'Control Z' Review: Netflix's teen thriller is an unironic 'American Vandal' with a sentimental core

What sets the series apart is the unironic way all the action unfolds - making it a more sentimental attempt at a hacker blackmailing students, as opposed to Vandal's brazen irony

                            'Control Z' Review: Netflix's teen thriller is an unironic 'American Vandal' with a sentimental core
Ana Valeria Becerril as Sofia (center) (Netflix)

Spoilers for first two episodes.

Whether 'America Vandal' was a straight-up satirical commentary on true crime docuseries is a matter up for debate. Given its first season's ambiguous ending and the second season's equally preachy rhetoric at the end, the Netflix documentary of sorts has tackled several social issues that plague modern high school dynamics. But at the same time, its latent core was always ironic: two high school documentarians figuring out a prank plaguing their school and which can pan across anything from drawing penises to pooping all over school property.

So naturally, all that raw intent and thrill to unravel a mystery won us over the way most teen dramas do these days. Joining the league is Netflix's Mexican teen thriller 'Control Z' which brings in the worlds of bullying and harassment to the new age of tech and its many cons following Black Mirror's flagship.

What sets the Mexican series apart is the unironic way all of the action unfolds - making it a more sentimental attempt at a hacker blackmailing students, as opposed to Vandal's brazen irony. And when all fails, it's the possibly complicit protagonist thriving with sheer observant cynicism in a trial that isn't her own is what takes the cake for 'Control Z'.

There's a unique blend of 90s rom-com into the narrative of 'Control Z' that somehow still works three decades after its inception. In just the first two episodes that were offered for early consideration, the protagonist Sofia can be seen introducing the new kid Javier Williams to their school's hot and elite. The status quo is rampant in the world of 2020 teens, just the way it was in Cher's world in 'Clueless' or even the 2000 phenomenon 'Mean Girls'. But while some things never change in a good way, the alternative is not that uncommon. So instead of girls shaming the quiet kid by her secret anonymous connection with the school hottie, this time it's a hacker aiming to bust all the popular kids by using each other's darkest secrets as leverage, blackmailing them to steal each other's phones and doing the utmost to save their own secret.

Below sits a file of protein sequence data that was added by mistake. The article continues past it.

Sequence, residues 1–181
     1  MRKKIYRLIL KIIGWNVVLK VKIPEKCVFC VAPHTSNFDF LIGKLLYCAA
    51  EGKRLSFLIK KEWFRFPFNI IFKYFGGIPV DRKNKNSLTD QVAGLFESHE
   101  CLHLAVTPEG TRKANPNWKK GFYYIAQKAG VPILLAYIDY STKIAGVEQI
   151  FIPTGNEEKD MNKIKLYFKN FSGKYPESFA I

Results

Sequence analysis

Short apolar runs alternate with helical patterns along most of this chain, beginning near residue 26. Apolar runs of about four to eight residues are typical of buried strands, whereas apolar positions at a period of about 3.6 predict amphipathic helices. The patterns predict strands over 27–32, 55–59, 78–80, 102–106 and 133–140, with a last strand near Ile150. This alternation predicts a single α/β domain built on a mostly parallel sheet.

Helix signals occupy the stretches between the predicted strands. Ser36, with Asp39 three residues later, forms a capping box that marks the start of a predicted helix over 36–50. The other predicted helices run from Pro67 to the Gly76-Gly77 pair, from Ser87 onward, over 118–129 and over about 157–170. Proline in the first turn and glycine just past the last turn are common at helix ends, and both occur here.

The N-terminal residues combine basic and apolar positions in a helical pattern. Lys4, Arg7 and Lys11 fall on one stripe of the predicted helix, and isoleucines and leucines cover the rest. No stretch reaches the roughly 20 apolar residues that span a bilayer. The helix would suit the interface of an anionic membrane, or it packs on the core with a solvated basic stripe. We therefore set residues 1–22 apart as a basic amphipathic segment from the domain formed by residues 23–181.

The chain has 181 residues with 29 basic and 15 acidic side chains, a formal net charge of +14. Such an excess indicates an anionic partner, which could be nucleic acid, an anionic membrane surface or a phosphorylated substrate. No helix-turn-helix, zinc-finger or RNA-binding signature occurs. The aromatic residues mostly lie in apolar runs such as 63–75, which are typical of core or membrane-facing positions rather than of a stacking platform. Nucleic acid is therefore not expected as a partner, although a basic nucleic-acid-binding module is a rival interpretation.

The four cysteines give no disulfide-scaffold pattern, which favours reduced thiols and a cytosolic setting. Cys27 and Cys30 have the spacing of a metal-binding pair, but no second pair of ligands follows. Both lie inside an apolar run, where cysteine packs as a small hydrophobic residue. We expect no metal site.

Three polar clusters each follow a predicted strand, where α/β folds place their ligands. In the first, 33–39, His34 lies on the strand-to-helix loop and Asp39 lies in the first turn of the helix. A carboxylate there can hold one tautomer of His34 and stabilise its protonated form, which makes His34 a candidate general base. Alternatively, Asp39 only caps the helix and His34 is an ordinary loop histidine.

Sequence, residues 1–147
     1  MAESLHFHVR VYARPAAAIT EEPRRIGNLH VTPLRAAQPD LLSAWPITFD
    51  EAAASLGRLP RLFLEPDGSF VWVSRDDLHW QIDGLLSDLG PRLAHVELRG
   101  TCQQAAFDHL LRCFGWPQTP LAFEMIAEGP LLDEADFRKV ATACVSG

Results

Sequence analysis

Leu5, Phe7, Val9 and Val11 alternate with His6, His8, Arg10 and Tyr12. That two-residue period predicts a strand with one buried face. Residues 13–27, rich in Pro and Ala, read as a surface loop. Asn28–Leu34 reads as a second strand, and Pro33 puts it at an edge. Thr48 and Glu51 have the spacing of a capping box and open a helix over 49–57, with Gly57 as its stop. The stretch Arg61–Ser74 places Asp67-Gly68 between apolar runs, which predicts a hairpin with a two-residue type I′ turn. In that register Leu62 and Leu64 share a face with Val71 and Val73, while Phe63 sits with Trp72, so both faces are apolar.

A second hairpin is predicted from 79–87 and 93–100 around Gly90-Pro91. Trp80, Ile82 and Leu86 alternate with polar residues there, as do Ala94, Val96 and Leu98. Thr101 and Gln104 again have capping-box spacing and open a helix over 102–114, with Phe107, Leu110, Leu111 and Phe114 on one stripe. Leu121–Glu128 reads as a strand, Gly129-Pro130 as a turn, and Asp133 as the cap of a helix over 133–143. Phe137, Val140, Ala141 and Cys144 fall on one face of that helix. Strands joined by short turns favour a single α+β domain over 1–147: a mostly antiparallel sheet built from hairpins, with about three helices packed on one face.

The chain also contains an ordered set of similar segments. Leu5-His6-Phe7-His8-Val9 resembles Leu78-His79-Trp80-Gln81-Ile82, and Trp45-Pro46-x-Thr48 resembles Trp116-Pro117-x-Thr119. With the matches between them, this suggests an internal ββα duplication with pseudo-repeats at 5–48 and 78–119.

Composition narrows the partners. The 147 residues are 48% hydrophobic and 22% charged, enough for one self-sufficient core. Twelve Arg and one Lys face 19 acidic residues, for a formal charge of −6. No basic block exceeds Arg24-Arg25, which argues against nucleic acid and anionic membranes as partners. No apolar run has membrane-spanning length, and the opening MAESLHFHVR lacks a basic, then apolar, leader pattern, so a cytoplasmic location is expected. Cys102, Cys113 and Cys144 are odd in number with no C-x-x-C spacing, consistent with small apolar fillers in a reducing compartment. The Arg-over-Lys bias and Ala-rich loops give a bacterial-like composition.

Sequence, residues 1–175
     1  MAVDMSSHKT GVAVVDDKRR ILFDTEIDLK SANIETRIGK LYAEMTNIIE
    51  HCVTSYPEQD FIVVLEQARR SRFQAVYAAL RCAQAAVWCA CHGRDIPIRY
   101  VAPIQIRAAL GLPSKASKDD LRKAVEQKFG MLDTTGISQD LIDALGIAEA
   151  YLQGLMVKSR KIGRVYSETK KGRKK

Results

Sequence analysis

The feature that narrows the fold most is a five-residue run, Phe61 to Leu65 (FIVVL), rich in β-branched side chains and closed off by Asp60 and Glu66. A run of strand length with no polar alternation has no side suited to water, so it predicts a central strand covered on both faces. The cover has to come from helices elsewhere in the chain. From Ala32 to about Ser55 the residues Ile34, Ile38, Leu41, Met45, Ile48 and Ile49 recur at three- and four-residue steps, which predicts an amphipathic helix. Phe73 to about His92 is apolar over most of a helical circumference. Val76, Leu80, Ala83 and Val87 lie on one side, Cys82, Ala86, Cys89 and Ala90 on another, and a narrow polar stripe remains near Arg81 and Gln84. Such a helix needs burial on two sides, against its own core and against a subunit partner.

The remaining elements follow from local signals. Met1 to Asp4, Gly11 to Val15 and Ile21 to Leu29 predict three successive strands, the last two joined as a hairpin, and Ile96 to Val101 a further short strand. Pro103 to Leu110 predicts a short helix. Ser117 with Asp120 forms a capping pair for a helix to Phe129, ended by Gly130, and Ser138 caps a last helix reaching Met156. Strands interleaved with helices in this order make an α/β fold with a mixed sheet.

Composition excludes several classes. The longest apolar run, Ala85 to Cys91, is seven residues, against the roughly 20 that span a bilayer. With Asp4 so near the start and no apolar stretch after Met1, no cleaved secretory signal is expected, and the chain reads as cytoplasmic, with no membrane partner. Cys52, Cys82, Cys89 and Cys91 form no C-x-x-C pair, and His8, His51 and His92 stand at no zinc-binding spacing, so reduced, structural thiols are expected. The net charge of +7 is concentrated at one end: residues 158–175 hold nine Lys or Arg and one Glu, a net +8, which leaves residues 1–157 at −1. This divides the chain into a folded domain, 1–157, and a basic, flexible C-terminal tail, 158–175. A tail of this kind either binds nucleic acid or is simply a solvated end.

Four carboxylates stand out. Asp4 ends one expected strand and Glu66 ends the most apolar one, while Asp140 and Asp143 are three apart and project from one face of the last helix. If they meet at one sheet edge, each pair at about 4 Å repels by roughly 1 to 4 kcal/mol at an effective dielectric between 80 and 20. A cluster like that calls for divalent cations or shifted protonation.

Rife with revenge and teen jealousy, the show tackles traumatic events, played out hilariously - and in that, it perhaps manages to capture teenage cynicism the best. When the 'It girl' Isabella is outed as trans during a school seminar, she gets bullied by everyone including her boyfriend who knew about it all. So she outs the people who were complicit in her apparent fall from the ranks; leaked nudes, embezzlement, gay porn, black money - nothing stays hidden anymore.

Sofia gets roped into all of this because she is the quintessential 'freak' that people love to put down but can't quite because of her smart mouth. Her friend Luis gets bullied on a daily basis by school jerk Gerry - who even though gets outed for his love for gay porn - will remind you of the likes of Bryce Walker from '13 Reasons Why'. And because people directly involved in the incident consider Sofia a freak, their first guess at the culprit is her, all because she observes things so closely.


Sofia's backstory is tragic; so far we know her life post her dad's death hasn't been the easiest. She's had to move to her mom's, whose relationship with Sofia's principal is quite disturbing for the teen. So she escapes into the world of others, observing them enough to draw extremely calculated deductions - a sheer contradiction with her dark and cynical demeanor considering she watches people the way Romantics would.

Her quips and takes on people undergoing the hate storm are interesting too; much like 'American Vandal's protagonists behind the camera, nobody particularly hates Sofia, but everyone is careful what they might spill around her.

Sofia rises to the ranks of the two documentarians Sam Ecklund and Peter Maldonado, constantly vigilant, just the way they deployed their best thoughts and intuitions to solve the mystery of who is orchestrating the nasty pranks. The only catch in all of this is her friendship with new kid Javier Williams. Javier is too nice a guy, voluntarily hanging out with Sofia when no one would. He is modest too, for a renowned soccer player's son.

So is it insecurity about fitting in that's pushing him towards Sofia or is he just keeping her by his side because he is somehow involved in the crime? It is these multi-layered questions that Bernardo De La Rosa and Alejandro Lozano's direction keeps us captivated with. The script from Miguel García Moreno, Adriana Pelusi, and Carlos Quintanilla is crisp enough to balance that old school whodunnit plot with layers of emotional depths and desperation within the characters. 

Two episodes are not enough to dissect the meaty pandora's box full of secrets that the hacker's masterplan detonates, but it is enough to make one ache for closure at the end of the tunnel, no matter how basic the crime, or how shallow the plot. Just the way 'American Vandal' did for mockumentary lovers. 

'Control Z' premieres on May 22 only on Netflix.